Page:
While Tunisia’s outgoing prime minister described chaotic Libya as threatening to his country’s stability, Niger’s president urged for an international intervention to stave off any spillover coming from the conflict-torn state into its neighboring countries.
Tunisian premier Mehdi Jomaa told the Associated Press that the greatest threat to his country’s stability came from Libya on the eve of his official trips to France and the United States to discuss counter-terrorism cooperation.
Jomaa became interim prime minister at the start of the year and guided the country through presidential and legislative elections. He will soon be stepping aside for the newly elected government.
He described Libya as in a state of war, as militias battle each other, and said for the past months Tunisian forces guarding the 450 kilometer (280 mile) border have been on a state of alert.
Jomaa said his trips to France and the U.S. will focus on the situation in Libya, including efforts by neighboring nations to open dialogue with its officials. Tunisia also will seek military aid to help modernize its armed forces and protect its borders.
On the same day, Niger’s President Mahamadou Issoufou said a solution to the crisis in Libya is not possible without an international intervention.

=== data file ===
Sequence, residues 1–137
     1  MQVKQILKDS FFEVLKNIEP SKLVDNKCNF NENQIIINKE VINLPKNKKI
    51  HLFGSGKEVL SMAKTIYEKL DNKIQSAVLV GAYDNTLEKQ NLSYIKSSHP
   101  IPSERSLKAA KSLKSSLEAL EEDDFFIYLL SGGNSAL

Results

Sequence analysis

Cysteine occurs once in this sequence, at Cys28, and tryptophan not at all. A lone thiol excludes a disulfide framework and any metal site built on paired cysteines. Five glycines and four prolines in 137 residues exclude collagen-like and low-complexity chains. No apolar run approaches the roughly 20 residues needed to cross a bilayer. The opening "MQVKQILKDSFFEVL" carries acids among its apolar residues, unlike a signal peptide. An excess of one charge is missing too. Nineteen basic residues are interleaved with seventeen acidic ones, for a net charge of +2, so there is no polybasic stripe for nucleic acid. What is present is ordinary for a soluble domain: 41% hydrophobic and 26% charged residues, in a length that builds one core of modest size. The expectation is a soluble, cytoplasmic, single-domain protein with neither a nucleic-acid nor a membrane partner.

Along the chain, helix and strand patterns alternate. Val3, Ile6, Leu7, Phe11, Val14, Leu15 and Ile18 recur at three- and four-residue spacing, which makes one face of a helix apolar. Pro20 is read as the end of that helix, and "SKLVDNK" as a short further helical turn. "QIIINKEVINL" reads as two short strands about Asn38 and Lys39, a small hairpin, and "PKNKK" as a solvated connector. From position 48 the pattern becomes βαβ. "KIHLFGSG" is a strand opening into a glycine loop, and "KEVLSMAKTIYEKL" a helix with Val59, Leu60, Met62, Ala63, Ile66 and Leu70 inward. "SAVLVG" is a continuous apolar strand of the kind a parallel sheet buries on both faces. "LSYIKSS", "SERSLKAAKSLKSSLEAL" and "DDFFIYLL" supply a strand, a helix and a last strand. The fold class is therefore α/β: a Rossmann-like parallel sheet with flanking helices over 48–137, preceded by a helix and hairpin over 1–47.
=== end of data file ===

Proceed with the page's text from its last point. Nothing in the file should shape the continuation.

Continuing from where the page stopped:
“I do not see how the armed terrorist militias can create the conditions for reconciliation among Libyans,” said Issoufou.
“An international intervention is essential to the reconciliation of all Libyans,” including supporters of former leader Muammar Qaddafi, who himself was deposed and killed in 2011 after an international military intervention.
Since the overthrow of Qaddafi’s regime, Libya has collapsed into a chaos of warring militias and rival governments, and is awash with weapons that travel in an arc of unrest through northern Mali and Niger.
Issoufou was speaking shortly after a meeting with France’s Defense Minister Jean-Yves Le Drian, who has been visiting French troops stationed in Chad and Niger.
Al Arabiya News